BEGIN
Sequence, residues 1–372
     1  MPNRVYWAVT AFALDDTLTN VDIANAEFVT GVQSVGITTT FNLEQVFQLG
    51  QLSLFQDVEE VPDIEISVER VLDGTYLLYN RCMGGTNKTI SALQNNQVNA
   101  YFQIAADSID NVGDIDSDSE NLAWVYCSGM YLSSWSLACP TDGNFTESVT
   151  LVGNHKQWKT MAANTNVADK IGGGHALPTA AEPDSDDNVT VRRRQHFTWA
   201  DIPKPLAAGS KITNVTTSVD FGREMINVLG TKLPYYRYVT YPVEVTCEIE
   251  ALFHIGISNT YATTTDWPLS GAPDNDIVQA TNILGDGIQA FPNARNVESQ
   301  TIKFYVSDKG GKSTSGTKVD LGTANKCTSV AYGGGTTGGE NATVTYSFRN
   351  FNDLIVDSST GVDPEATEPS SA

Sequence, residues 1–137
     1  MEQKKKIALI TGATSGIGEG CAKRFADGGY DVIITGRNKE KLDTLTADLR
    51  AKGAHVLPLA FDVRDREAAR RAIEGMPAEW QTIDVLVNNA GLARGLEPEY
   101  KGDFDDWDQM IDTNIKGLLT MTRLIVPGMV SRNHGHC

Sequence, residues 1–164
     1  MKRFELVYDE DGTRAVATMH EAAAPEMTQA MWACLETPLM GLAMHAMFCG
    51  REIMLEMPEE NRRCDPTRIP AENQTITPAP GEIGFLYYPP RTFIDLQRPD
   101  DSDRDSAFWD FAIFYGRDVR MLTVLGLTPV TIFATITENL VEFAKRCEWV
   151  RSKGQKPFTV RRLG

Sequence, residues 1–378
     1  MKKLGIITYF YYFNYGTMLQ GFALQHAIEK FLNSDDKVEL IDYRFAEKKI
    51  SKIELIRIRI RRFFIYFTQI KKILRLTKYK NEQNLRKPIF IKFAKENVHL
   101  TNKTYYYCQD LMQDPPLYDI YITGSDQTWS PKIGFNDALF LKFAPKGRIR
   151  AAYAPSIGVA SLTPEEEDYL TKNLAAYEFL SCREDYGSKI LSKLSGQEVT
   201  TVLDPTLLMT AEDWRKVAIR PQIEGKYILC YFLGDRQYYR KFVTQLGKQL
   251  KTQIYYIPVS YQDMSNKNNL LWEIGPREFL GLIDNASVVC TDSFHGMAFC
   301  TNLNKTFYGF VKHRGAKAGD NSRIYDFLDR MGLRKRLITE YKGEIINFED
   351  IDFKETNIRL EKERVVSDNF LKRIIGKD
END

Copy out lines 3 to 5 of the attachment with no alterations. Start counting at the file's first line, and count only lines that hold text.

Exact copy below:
    51  QLSLFQDVEE VPDIEISVER VLDGTYLLYN RCMGGTNKTI SALQNNQVNA
   101  YFQIAADSID NVGDIDSDSE NLAWVYCSGM YLSSWSLACP TDGNFTESVT
   151  LVGNHKQWKT MAANTNVADK IGGGHALPTA AEPDSDDNVT VRRRQHFTWA